In 2012, the Chiefs of Staff Committee had recommended creation of three joint commands — in the areas of cyber, space and special operations — due to their increased relevance in modern warfare. The new joint military doctrine, released earlier this year, also underscores the need to prepare the defence forces for the “emerging triad” of space, cyberspace and special operations for future combat. But it was only in July this year that the Defence Secretary apprised the Unified Commanders Conference that the Defence Cyber & Space Agencies and Special Operations Division would soon become a reality.

While the 2012 proposal envisaged commands to be headed by army commander equivalents, the current proposal is only for agencies to be headed by Major Generals. Sources said the agencies may eventually be upgraded to commands, after they have stabilised in their functioning. As per the 2012 proposal, a Navy officer was to head the cyber warfare command, an IAF commander was to be at the helm of space command and an Army officer would head the Special Forces command. It is expected that the same arrangement for division of agencies between the three services will continue even now.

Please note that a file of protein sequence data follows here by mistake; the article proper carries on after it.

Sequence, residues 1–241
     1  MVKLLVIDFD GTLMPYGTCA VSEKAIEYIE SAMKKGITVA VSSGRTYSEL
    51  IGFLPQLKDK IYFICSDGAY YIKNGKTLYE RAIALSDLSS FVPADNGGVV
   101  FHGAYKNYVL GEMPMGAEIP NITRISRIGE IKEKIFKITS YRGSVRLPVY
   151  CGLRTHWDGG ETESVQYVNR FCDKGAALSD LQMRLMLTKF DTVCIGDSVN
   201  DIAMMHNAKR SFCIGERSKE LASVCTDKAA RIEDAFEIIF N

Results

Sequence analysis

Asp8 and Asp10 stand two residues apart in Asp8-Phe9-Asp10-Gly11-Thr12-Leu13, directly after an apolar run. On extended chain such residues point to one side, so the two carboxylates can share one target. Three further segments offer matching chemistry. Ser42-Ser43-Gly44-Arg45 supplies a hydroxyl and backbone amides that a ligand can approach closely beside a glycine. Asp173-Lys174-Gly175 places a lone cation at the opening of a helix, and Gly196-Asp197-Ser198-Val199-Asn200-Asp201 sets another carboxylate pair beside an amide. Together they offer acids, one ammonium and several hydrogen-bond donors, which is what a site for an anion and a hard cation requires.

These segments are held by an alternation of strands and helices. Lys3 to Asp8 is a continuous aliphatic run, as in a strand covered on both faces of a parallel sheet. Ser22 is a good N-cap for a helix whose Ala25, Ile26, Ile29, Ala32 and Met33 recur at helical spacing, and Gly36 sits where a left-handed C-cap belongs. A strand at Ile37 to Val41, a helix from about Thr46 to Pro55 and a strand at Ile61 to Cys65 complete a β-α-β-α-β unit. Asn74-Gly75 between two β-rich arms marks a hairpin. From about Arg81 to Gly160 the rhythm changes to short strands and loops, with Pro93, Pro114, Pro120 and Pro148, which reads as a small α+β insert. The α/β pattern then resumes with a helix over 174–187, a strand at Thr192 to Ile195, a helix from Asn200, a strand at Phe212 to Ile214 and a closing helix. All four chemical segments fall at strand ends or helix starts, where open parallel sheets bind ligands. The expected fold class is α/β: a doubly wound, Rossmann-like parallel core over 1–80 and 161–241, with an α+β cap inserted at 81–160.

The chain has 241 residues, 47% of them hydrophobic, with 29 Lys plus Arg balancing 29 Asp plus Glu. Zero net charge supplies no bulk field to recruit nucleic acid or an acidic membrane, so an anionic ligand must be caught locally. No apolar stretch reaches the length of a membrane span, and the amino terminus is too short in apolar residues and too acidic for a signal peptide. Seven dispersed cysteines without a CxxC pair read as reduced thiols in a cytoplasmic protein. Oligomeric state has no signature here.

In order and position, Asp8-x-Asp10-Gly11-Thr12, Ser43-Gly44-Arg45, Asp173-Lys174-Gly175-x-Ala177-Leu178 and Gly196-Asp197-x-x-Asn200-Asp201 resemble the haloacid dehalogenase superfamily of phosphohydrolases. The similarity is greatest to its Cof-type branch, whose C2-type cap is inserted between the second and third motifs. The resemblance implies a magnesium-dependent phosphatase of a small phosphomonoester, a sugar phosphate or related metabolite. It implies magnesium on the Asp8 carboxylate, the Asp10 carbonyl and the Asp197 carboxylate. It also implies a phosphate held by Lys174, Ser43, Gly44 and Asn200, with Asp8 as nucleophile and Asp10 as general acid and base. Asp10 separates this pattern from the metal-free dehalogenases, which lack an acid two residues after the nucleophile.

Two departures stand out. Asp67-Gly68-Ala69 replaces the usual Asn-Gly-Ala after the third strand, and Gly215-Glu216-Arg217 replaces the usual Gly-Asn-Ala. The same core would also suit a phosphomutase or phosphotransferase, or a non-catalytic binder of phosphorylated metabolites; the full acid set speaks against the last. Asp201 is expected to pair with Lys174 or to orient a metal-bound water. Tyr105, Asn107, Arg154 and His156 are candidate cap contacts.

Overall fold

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Re: CDS, Tri-Services Issues & Integration Debate

Postby ShauryaT » 16 Oct 2017 19:24

x-post:
ShauryaT wrote:I guess something like this will fall under a "space command" or is it the exclusive domain of the IAF?

Space: Future Pivot of Strategic Stability?